The life table: A demographic overview

  • Guillaume Wunsch
Part of the European Studies of Population book series (ESPO, volume 11)


The purpose of this preliminary chapter is to present an elementary overview of the life table, its objectives and its construction, and to point out some of the problems related to the background assumptions of life table methodology. The life table is one of the oldest tools of demographic analysis. Indeed, it seems that life expectancies were already estimated during the Roman Empire, though the lack of data led to more or less informed guesses rather than to hard facts! The method was however perfected during the 17th and especially the 18th century, by such well-known figures as Graunt, Halley, and de Moivre. It was during the 19th century however that the method gained wide acceptance thanks to the recent availability of data derived from the census and the vital registration system. Presently, any first-year student in demography can easily calculate a life table, and several software packages are on the market: life table construction has thus become ordinary routine. The method is not without problems, however, as we shall see in the following sections.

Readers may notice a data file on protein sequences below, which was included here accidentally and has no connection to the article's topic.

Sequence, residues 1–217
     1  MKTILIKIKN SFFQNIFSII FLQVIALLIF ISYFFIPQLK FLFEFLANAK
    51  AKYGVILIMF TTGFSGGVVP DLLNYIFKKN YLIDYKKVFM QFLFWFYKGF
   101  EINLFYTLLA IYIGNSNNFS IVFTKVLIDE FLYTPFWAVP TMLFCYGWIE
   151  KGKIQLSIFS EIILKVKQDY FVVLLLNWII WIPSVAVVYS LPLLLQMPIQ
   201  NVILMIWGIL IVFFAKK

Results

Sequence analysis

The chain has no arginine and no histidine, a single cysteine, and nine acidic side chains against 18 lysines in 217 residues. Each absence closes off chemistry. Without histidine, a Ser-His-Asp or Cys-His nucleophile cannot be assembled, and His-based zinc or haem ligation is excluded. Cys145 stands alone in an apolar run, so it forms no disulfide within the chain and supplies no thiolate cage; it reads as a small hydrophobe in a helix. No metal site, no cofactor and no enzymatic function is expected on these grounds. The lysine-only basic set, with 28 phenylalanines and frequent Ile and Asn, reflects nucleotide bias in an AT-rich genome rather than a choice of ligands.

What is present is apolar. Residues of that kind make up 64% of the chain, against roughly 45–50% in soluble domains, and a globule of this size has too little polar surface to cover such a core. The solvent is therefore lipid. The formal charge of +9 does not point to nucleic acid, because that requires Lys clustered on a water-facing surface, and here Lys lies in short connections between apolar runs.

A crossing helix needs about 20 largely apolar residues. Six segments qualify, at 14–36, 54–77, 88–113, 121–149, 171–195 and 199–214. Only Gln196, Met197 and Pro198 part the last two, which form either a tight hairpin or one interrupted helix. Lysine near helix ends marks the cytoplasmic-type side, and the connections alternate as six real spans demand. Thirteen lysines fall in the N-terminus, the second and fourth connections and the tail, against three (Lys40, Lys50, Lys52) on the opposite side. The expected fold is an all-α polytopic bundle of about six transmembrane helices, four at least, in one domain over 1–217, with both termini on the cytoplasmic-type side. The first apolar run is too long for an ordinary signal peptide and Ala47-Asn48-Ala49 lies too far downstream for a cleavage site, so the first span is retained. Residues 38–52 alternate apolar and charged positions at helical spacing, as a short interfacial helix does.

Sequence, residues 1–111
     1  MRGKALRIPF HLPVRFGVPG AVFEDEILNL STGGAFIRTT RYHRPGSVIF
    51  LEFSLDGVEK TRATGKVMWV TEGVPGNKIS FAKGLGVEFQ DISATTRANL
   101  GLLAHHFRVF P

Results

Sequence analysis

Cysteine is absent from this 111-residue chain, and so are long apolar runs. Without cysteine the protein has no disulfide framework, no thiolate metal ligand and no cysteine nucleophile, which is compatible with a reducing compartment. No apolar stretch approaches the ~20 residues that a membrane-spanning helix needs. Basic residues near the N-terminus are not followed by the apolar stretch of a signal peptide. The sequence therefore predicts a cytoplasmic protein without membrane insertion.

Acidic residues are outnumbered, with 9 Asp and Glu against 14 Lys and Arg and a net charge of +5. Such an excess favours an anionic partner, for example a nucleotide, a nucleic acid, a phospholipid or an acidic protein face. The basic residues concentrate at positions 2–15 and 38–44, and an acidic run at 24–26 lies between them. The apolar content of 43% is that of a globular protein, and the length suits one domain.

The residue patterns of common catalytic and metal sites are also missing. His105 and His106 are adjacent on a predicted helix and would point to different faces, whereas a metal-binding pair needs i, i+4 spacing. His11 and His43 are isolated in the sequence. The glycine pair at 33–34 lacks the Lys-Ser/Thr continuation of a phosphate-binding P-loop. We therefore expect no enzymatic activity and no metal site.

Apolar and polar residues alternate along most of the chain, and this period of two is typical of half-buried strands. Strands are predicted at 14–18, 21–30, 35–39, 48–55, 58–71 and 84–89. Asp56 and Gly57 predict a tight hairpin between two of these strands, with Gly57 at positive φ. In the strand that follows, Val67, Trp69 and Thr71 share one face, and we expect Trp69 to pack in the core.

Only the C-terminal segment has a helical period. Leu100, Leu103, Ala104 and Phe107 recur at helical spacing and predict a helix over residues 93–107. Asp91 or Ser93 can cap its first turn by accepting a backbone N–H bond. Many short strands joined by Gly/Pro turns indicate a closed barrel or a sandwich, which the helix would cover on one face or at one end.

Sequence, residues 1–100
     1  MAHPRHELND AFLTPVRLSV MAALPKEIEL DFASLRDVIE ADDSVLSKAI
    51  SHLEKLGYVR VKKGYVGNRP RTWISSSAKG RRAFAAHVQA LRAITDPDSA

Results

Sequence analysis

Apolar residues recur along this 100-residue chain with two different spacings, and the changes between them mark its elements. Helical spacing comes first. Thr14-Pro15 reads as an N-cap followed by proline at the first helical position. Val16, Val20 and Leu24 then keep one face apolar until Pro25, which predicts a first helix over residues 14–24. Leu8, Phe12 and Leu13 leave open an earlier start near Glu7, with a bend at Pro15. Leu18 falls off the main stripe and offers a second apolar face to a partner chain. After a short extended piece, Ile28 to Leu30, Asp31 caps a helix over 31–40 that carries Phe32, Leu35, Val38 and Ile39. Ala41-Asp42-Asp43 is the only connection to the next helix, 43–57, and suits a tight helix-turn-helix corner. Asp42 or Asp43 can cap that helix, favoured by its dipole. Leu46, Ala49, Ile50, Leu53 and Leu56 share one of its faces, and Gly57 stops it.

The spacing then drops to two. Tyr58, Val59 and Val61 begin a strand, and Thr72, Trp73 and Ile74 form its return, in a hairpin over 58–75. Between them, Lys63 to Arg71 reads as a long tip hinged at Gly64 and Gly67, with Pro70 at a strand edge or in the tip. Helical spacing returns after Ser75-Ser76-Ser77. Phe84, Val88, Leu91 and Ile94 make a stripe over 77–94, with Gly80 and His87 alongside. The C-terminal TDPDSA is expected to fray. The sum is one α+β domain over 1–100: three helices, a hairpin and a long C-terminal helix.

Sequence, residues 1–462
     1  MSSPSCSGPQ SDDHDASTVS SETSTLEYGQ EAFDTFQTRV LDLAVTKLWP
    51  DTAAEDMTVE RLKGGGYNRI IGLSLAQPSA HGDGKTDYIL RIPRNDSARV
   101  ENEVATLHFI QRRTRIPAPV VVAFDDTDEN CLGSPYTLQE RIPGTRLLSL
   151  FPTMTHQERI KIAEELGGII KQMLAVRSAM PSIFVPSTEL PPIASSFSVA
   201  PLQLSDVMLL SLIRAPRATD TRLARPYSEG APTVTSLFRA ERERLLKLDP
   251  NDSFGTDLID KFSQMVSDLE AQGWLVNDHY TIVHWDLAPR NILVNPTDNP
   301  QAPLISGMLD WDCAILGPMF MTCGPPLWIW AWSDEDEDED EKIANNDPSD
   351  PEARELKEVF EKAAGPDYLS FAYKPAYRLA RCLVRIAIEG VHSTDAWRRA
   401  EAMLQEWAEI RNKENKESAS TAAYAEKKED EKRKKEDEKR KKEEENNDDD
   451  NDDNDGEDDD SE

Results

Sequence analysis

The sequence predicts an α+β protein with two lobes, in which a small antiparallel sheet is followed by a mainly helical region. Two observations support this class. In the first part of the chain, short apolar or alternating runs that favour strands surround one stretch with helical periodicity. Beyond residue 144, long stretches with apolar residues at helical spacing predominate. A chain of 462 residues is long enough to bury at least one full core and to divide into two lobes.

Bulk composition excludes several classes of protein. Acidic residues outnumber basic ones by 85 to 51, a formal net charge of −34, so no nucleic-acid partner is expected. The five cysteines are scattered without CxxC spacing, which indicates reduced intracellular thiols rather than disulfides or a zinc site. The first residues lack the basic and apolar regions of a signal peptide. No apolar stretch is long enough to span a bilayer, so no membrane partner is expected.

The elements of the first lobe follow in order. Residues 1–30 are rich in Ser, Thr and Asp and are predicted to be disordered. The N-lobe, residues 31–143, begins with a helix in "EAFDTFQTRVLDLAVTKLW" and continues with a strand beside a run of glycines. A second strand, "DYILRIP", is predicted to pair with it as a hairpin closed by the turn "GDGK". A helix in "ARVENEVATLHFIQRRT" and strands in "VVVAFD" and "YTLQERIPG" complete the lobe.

Life Table Survivorship Function Model Life Table Synthetic Cohort Vital Registration System 
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© Springer Science+Business Media Dordrecht 2002

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  • Guillaume Wunsch

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